"Chicago and Philadelphia are similar in terms of the work ethic, blue collar people. I think people here have always been a little more willing to tolerate a team building than they were in Philadelphia."
Although Rivera will never forget his experience with the Eagles under coach Andy Reid and defensive coordinator Jim Johnson from 1999-2003, his background as a Bears player from 1984-1992, an assistant coach in 1997-98 and a broadcaster with WGN and SportsChannel in the mid-1990s make this his dream job. He hopes it remains a dream job with a career of success.
"It's a great opportunity," Rivera said. "It's a real honor to come back and get a chance here in Chicago.
"I think it's going to be one of those where there's going to be an awful lot of high expectations. At the same time I think that's going to be good because it's going to force myself and not just myself but everybody that's involved in this defense -- coaches and players -- to realize that we have to live up to high standards, even higher standards."
Rivera, a California native, takes pride in his Hispanic heritage.
"Honestly, I'm honored to be a Hispanic and also to be a defensive coordinator in the NFL," he said. "Color really doesn't matter to me. I'm kind of color-blind to it because my father was in the military and the only real ranking in the military was on your shoulder.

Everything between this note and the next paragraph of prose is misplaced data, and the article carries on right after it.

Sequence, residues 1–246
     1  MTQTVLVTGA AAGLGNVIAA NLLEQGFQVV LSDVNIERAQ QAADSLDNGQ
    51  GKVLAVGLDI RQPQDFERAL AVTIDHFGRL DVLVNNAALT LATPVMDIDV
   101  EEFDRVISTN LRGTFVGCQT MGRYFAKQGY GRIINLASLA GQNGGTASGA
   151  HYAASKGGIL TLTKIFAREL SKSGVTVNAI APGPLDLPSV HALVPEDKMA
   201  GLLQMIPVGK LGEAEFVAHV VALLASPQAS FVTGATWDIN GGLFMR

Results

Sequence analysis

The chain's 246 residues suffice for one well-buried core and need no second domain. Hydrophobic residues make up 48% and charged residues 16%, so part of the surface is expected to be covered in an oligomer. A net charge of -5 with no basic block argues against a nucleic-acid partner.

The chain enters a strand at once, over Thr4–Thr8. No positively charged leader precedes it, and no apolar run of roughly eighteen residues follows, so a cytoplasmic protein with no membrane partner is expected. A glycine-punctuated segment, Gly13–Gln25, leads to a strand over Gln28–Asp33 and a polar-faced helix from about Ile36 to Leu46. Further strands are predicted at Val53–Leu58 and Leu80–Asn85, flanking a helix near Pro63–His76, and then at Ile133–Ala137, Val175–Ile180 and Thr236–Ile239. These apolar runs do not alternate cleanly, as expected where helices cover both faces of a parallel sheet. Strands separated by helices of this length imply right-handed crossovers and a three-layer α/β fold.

"And I grew up that way." Rivera's appointment in January drew some raised eyebrows due to his inexperience. He hadn't been a coordinator and has been a coach only in the NFL and for seven years.
However, his background fits in well with Smith's. Smith's defense led the league in turnovers caused last year in St. Louis. He wants a similar aggressive defensive approach. In Philadelphia in 2001, Rivera coached a defense that also led the league in forcing turnovers.
"We're going to be a very aggressive defense," he said.
With the Eagles, Rivera received credit for grooming third-round draft pick Jeremiah Trotter into a little-known linebacker from unheralded Stephen F. Austin into one of the top linebackers in football. He also found a way to make a small (6 foot) linebacker like Mark Simoneau into a smashing success who made 149 tackles for the Eagles.
Now he has Brian Urlacher.
It's been suggested by some critics of Urlacher that his dominance in 2001 was the result of a different Bears defensive system, and that he really doesn't know how to play middle linebacker in a one-gap 4-3 scheme like the Bears now play. Rivera disagrees and sees tremendous talent and potential for growth.
"I think there's some technique things that he's got to continue to work on and get better at," Rivera said. "I think that he's a great physical talent who has the ability to run, which is very prominent in this league. If there's one thing that I've realized in my seven years of coaching and watching players, the guy has to have the ability to run.
"When you've got guys flying around, getting to the football, positive thing will happen."